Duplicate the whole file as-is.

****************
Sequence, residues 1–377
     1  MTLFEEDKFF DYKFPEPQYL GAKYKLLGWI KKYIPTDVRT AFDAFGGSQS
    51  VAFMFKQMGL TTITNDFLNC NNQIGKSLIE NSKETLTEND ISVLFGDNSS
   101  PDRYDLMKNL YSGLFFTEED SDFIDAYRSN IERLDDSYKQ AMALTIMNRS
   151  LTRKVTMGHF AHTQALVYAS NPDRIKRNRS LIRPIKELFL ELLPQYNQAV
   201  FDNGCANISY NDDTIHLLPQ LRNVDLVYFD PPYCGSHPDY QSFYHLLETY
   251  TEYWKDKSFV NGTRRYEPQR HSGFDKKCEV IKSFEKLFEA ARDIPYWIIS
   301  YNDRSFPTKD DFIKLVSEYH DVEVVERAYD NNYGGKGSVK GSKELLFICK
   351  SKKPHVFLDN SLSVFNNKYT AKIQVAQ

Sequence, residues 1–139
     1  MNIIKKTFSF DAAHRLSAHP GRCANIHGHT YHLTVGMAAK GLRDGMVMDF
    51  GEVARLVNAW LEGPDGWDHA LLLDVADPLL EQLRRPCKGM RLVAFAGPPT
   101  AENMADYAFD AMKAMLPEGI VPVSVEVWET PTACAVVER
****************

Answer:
Sequence, residues 1–377
     1  MTLFEEDKFF DYKFPEPQYL GAKYKLLGWI KKYIPTDVRT AFDAFGGSQS
    51  VAFMFKQMGL TTITNDFLNC NNQIGKSLIE NSKETLTEND ISVLFGDNSS
   101  PDRYDLMKNL YSGLFFTEED SDFIDAYRSN IERLDDSYKQ AMALTIMNRS
   151  LTRKVTMGHF AHTQALVYAS NPDRIKRNRS LIRPIKELFL ELLPQYNQAV
   201  FDNGCANISY NDDTIHLLPQ LRNVDLVYFD PPYCGSHPDY QSFYHLLETY
   251  TEYWKDKSFV NGTRRYEPQR HSGFDKKCEV IKSFEKLFEA ARDIPYWIIS
   301  YNDRSFPTKD DFIKLVSEYH DVEVVERAYD NNYGGKGSVK GSKELLFICK
   351  SKKPHVFLDN SLSVFNNKYT AKIQVAQ

Sequence, residues 1–139
     1  MNIIKKTFSF DAAHRLSAHP GRCANIHGHT YHLTVGMAAK GLRDGMVMDF
    51  GEVARLVNAW LEGPDGWDHA LLLDVADPLL EQLRRPCKGM RLVAFAGPPT
   101  AENMADYAFD AMKAMLPEGI VPVSVEVWET PTACAVVER